“I think we get where you’re going with this,” Jodie said. “We need to increase the gap between our earning and spending. Because we don’t spend a lot, the best way to do this is to earn more money…somehow.”

“Yep,” I said. “That’s the gist of it. That’s the first thing I think you should focus on.”

Taking Baby Steps

“The second thing you should tackle is your debt. I know you both have things you want to save for long term, but I want you to put those dreams on hold for now. You can’t save for your future until you pay off your past.

“My dad tells me I should save first before tackling the debt,” Jodie said. “He says I should build six months of savings before anything else. What do you think?”

“I disagree,” I said. “I think saving six months worth of expenses is a fine goal, and that’s absolutely what you should aim for. But that’s not where you should start. As you increase your gap between earning and spending — because remember everything depends on this gap — I think you should apply your money according to the Dave Ramsey plan. Here, I’ll explain.”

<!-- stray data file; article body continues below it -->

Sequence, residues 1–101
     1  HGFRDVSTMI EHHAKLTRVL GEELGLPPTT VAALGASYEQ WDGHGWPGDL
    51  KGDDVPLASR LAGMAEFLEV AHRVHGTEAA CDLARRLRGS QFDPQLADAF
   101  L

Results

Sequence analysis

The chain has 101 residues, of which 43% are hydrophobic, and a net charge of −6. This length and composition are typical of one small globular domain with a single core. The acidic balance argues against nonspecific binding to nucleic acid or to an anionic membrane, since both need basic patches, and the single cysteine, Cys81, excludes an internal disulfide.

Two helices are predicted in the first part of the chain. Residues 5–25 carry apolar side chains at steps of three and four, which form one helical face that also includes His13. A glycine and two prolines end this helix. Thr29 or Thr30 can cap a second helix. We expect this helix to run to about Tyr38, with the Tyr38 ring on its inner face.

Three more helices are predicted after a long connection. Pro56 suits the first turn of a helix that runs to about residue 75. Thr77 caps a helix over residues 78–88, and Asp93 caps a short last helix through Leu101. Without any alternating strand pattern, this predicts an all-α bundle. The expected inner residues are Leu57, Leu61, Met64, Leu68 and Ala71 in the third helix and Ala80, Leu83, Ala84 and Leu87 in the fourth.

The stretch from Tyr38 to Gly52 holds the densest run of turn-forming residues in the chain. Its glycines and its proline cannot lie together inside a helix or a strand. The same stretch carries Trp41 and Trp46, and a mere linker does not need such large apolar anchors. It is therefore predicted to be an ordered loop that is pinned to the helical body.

I made a modified list of Dave Ramsey’s “baby steps”:

  1. Build a basic emergency fund of roughly $1000 (while continuing to make minimum payments on debt). “My advice is to keep this fund in a brand-new bank account that isn’t connected in any way to your other accounts,” I said. “You want to make this easy enough to access when you need it, but not so easy that you can just access the money on a whim.”
  2. Pay off all debt using some version of the debt snowball method. “When I was struggling, I couldn’t figure out how to get out of debt,” I said. “Dave Ramsey’s version of the debt snowball helped me. In your case, I’d use a slightly different version. Wally’s car seems to be a huge psychological weight. You two need to prioritize that. After you’ve saved your emergency fund, throw as much money as you can at debt — with everything extra you can find going to that car.”
  3. Save an enhanced emergency fund equal to six months of normal expenses. “After you’re out of debt, beef up your savings. I know you’ll want to start saving for other goals right away, but don’t. Take time to add some margin to your life. You’ll be glad you did.”
  4. Pursue long-term financial goals, such as traveling, moving to Idaho, or buying a motorcycle. “You know what’s awesome?” I said. “After you’ve taken time to pay off what you owe using the debt snowball, then you can immediately start building a wealth snowball. If you’re paying $500 toward debt each month, then once that debt is gone you can immediately start saving $500 per month!”

“That all sounds great,” said Wally, “but to be honest, J.D., in some ways your advice is just like the other advice.”